The AXL gene is positively modulated. Members of the AXL/UFO family of tyrosine kinases are prone to transcriptional regulation and perform various functions including regulation of cell adhesion, migration, phagocytosis, and survival. The biological consequences of AXL activation are complex. AXL was initially identified as a transforming gene product, and AXL expression is indeed up-regulated in human tumors [40, 41].

Concerning the potential effects of cobalt on cancer development, it will be interesting to carry out further studies of the mechanisms by which cobalt induces these responses. These genes have never been linked to cobalt effects before.


Two cobalt transporters are described in yeast: COT1 and COT2 [42]. Eleven cobalt-tolerant mutants were obtained with a common COT2 mutation, suggesting that it is involved in cobalt uptake [43]. The mutants were resistant to cobalt toxicity and cobalt was not incorporated in yeast cells. The human homolog of COT2, FBXL2, was strongly repressed in our study as early as 2 h and with a ratio of 0.1 at 24 h; this is the strongest inhibition observed in time-course qRT-PCR analysis (figure 2). FBXL2 function is not very well described, but it is potentially involved in ubiquitinylation. Conklin's observations on the yeast homolog of FBXL2 [43] and our results, lead us to suggest that FBXL2 gene repression could be a cellular defense mechanism and this protein might be associated with cobalt uptake in humans.

The product of the COT1 gene is involved in the uptake of cobalt ions [44]. COT1, has a human homolog in ZNT1, coding for Zinc transporter 1 protein, probably involved in zinc transport out of the cell. ZNT1, not spotted on the microarray, was also tested in kinetics with qRT-PCR and was found to be slightly modulated with a biphasic response; first down- then up-regulated (figure 2).

The SLC12A5 gene, coding for an integral membrane K-Cl cotransporter, was repressed at 4 h then strongly increased at 24 h (qRT-PCR ratio : 4.3). The three genes, FBXL2, ZNT1 and SLC12A5, are therefore appropriate candidates for research into cobalt transport proteins in human cells and will be studied further using targeted biological approaches.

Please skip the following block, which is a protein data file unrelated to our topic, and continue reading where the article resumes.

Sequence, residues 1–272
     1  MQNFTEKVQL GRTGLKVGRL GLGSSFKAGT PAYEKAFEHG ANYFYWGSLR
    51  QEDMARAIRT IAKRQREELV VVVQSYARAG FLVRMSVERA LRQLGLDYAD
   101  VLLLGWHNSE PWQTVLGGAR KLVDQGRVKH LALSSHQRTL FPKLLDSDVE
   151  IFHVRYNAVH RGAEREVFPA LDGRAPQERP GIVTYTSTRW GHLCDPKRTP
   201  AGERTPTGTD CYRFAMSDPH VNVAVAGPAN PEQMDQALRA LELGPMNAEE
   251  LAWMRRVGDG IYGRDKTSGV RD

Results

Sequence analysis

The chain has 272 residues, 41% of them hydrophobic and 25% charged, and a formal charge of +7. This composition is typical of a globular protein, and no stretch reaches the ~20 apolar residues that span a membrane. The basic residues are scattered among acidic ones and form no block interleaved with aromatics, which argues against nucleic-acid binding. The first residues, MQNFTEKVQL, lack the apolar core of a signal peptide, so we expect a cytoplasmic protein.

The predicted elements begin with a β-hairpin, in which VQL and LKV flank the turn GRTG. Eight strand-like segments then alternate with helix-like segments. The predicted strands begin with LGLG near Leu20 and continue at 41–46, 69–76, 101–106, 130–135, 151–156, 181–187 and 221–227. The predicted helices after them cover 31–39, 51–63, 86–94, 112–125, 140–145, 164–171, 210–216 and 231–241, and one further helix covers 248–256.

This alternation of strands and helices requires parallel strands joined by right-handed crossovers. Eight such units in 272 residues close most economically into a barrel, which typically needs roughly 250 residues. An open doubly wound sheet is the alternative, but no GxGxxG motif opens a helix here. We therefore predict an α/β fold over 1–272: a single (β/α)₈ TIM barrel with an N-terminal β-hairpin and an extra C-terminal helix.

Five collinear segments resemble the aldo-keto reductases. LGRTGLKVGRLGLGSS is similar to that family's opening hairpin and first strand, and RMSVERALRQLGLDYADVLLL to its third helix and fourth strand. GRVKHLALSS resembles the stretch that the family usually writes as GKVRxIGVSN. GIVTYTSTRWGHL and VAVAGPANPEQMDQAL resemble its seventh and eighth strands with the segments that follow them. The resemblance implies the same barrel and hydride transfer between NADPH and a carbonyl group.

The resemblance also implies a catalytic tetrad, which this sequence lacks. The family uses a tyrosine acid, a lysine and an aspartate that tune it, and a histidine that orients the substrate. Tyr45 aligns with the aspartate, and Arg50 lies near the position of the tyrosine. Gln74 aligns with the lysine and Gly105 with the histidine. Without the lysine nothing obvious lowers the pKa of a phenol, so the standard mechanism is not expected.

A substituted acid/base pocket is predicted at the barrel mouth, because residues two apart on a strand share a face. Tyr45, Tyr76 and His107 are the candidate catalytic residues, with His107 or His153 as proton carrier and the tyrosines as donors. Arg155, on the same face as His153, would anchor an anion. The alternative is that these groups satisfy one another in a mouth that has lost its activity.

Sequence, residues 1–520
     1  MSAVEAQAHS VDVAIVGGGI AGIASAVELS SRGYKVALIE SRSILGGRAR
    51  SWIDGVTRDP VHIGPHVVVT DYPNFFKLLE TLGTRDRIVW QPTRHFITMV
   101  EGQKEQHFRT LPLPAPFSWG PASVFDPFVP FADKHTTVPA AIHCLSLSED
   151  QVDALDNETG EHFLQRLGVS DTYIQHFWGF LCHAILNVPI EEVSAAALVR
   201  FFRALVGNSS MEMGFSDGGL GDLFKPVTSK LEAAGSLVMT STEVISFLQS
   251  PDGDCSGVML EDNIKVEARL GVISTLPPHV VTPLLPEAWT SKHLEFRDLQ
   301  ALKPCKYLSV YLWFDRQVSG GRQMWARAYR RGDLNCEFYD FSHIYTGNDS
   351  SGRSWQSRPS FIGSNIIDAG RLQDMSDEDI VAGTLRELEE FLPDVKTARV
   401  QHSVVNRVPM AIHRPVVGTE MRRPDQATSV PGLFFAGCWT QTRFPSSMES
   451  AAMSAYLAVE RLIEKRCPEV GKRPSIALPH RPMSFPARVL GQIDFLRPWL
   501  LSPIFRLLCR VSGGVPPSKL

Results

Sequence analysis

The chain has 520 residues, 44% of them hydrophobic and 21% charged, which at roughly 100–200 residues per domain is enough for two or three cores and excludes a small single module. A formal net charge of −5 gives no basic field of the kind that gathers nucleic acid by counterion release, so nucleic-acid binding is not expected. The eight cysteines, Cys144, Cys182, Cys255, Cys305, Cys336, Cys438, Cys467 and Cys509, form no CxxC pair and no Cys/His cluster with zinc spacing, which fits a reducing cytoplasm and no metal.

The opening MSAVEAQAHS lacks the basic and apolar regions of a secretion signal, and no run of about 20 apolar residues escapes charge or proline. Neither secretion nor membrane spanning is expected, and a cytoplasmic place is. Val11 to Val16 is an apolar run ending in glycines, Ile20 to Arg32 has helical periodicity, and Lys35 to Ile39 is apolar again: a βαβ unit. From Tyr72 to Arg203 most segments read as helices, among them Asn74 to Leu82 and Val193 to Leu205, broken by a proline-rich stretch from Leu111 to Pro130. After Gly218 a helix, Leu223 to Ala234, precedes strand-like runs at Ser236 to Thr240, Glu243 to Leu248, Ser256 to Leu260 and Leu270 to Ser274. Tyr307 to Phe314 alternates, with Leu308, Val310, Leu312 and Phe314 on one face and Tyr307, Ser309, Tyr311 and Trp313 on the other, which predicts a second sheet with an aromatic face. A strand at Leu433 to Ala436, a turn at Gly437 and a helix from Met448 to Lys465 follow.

Potential biomarkers and secreted proteins

Biological monitoring of exposure to cobalt is mainly based on its concentration in urine. This method may be inadequate for two reasons. Firstly, measuring the quantity of excreted metal (exposure marker) does not necessarily reflect organ damage, which varies from one person to another. Furthermore, depending on the chemical form, excretion does not necessarily reflect the concentration of metal in the body; indeed, certain forms are eliminated in several phases; only 40% of cobalt oxides inhaled are excreted within 72 h [45]. In this context, only an effective biomarker could evaluate the damage and provide a valuable tool for monitoring occupational contamination in the event of accidental acute exposure or chronic exposure. We selected nine modulated genes coding for secreted proteins: ICAM1 (CD54), SERPIN C1 (antithrombin-III), IFNA4 (alpha-4 interferon), TFRC (transferrin receptor), PLA2R1 (phospholipase receptor A2), TNFSF6 (FAS ligand), WFDC2 (WAP four-disulfide core domain protein 2), LTBP3 (latent transforming growth factor beta binding protein 3) and TIMP2 (tissue inhibitor of metalloproteinase 2). To further evaluate the interest of these genes, we checked the secretion modulation of the corresponding proteins. A549 cells were exposed to cobalt in a dose-response manner, to 0.2, 1 and 2 mM, and the supernatants analysed using available immunoassays. The levels of FAS ligand, WFDC2 [46], ICAM1, antithrombin-III, alpha-4 interferon, and soluble transferrin receptor were found to be invariant or below the kit detection limit. These results indicate that most of these immunoassays were not sensitive enough to detect faint modulations. TIMP2 protein (tissue inhibitor of metalloproteinase 2) was measured using ELISA and we confirmed the modulation recorded at gene level (microarray ratio: 0.63, qRT-PCR ratio: 0.69). A strong decrease in TIMP2 supernatant concentration was noted at 1 or 2 mM of cobalt (figure 4). The changes in TIMP2 levels in cell supernatants between cobalt and the control were -5% for 0.2 mM, -57% for 1 mM and -72% for 2 mM. The reason for this reduction in TIMP2 can be explained as a consequence of cobalt exposure. Matrix metalloproteinases (MMPs) are a family of endopeptidases that can degrade all the components of the extracellular matrix [47]. Endogenous protease inhibitors, known as tissue inhibitors of metalloproteinase (TIMP), provide critical extracellular regulation of MMP proteolytic activities [48, 49], regulating tumor growth, progression, and angiogenesis in a variety of experimental cancer models and human malignancies. TIMP2 mRNA is described as being suppressed by hypoxia in endothelial cells [50]. Exposure of cells to cobalt up-regulates indirectly hypoxia-inducible genes by a mechanism which has recently been explained [51]. Therefore, TIMP-2 down-regulation might be a consequence of cobalt-simulated hypoxia. Down-regulation of TIMP2 mediated by ROS production has been observed by Rezzani in rat cardiac tissue exposed to cyclosporin [52]. Since it is known that cobalt triggers ROS production [16], TIMP2 modulation by cobalt could also be explained by this pathway.